Jump to content

How to get Claims Reserve Development by Accident Year


vinod1
 Share

Recommended Posts

I really like the way Fairfax presents the Claims Reserve Development by Accident Year. It provides a simple way to look at how conservatively reserves are being established by specific year. Just going by Calendar year it is difficult to separate out how adequately reserves are established in any given year.

 

However, I did not see this information in the annual reports of BRK, MKL, WRB. All of them just give the claims reserve development by calendar year. Does anyone have an idea of how to get this information? Is this filed with NAIC?

 

Thanks

 

Vinod

Link to comment
Share on other sites

I might have misunderstood your question but Berkshire lists their IBNR and unpaid losses by accident year in the footnotes of the 10-K.

 

Look at note 14, Unpaid Losses and Loss Adjustment Expenses. Is that what you are looking for?

 

I trying to find the 10 year claims reserve triangle, just like FFH did for Northbridge on page 138 of 2009 AR. I have not been able to find this in any of the other companies reports.

 

Thanks

 

Vinod

Link to comment
Share on other sites

Hello Vinod,

 

Note that Berkshire's 10K is different (more exhaustive) than the info. presented in Berkshire's annual report.

 

Page 7 of the 10K actually has the loss triangle for Berkshire as a consolidated entity (with all insurance subs. presented as one).

 

I think you just have to get the actual 10K and you'll see it right there at the beginning.

Link to comment
Share on other sites

The tables listed on page 7 appear to be policy year developments:

 

Liabilities assumed under retroactive reinsurance contracts are treated as occurrences in the year the contract was entered into, as opposed to when the underlying losses actually occurred, which is prior to the contract date.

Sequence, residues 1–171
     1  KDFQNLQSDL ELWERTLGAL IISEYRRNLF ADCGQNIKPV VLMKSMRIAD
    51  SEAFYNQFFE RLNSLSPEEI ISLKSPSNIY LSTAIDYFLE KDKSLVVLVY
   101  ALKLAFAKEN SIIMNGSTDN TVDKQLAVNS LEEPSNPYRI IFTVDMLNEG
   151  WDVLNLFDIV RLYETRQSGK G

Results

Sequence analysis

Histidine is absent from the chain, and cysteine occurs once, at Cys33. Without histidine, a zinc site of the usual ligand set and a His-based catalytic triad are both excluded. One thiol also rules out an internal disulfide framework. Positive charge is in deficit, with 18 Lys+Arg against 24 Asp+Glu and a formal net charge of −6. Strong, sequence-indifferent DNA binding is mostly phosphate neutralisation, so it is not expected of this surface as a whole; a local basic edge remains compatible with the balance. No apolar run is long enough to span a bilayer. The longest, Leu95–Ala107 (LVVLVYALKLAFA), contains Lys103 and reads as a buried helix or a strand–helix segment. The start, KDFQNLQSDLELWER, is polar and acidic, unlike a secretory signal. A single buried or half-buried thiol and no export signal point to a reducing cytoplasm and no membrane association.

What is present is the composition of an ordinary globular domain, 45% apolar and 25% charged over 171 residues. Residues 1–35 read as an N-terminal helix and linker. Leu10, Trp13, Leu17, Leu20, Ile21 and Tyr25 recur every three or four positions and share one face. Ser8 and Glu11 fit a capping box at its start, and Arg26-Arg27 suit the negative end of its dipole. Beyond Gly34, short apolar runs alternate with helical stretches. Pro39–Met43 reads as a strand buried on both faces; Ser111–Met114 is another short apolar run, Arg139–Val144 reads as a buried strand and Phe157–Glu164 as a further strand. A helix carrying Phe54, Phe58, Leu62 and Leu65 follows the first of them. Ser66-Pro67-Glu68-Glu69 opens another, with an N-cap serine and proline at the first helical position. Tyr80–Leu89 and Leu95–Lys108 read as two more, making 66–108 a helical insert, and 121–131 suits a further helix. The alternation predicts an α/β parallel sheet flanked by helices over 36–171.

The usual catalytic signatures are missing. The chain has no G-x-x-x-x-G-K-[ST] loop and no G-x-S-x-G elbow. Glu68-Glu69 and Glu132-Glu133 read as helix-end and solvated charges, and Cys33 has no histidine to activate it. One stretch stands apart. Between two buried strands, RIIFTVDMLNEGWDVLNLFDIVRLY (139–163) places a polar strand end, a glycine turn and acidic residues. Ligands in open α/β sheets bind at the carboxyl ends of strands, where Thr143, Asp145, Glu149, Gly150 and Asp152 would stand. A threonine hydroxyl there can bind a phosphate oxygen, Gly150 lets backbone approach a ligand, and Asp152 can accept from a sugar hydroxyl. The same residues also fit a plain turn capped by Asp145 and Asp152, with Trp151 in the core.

Vinod1, what are the major advantages of analyzing accident year developments? Do you study those tables independently, or do you check it against policy year and calendar year triangles?

 

Link to comment
Share on other sites

The tables listed on page 7 appear to be policy year developments:

 

Liabilities assumed under retroactive reinsurance contracts are treated as occurrences in the year the contract was entered into, as opposed to when the underlying losses actually occurred, which is prior to the contract date.

 

Vinod1, what are the major advantages of analyzing accident year developments? Do you study those tables independently, or do you check it against policy year and calendar year triangles?

 

 

Rabbitisrich,

 

My understanding is that Policy year data would really be the ideal way to evaluate underwriting as it is the most accurate way to match premium received on a policy to the losses paid. The next most accurate way is Accident year development followed by Calendar year. Most companies seem to report only by Calendar year and just wanted to see if it would be possible to get by Accident year.

 

Vinod

Link to comment
Share on other sites

The tables listed on page 7 appear to be policy year developments:

 

Liabilities assumed under retroactive reinsurance contracts are treated as occurrences in the year the contract was entered into, as opposed to when the underlying losses actually occurred, which is prior to the contract date.

 

Vinod1, what are the major advantages of analyzing accident year developments? Do you study those tables independently, or do you check it against policy year and calendar year triangles?

 

 

I really like the accident year tables.  First, since FFH went on a bit of an acquisition binge about 10 years ago, it helps show progress on "cleaning up" the underwriting shop.  When you are dealing with long-tail business, adverse development on reserves can arise due to a bad decision (or a series of bad decisions) a great many years ago.  It would be wrong to attribute this unpleasant outcome to the current management team.  With C&F in particular, much of their adverse development of the past was the result of asbestos and environment claims.  Policies that were written in 1978 came back to bite them on the ass in 2005.  The accident year data at least go some of the way to isolating management decisions and actual outcomes.  In those accident year triangles from FFH's statements, you can see clearly that management has hauled ass in the underwriting shops that they acquired....

 

SJ

Link to comment
Share on other sites

Create an account or sign in to comment

You need to be a member in order to leave a comment

Create an account

Sign up for a new account in our community. It's easy!

Register a new account

Sign in

Already have an account? Sign in here.

Sign In Now
 Share

×
×
  • Create New...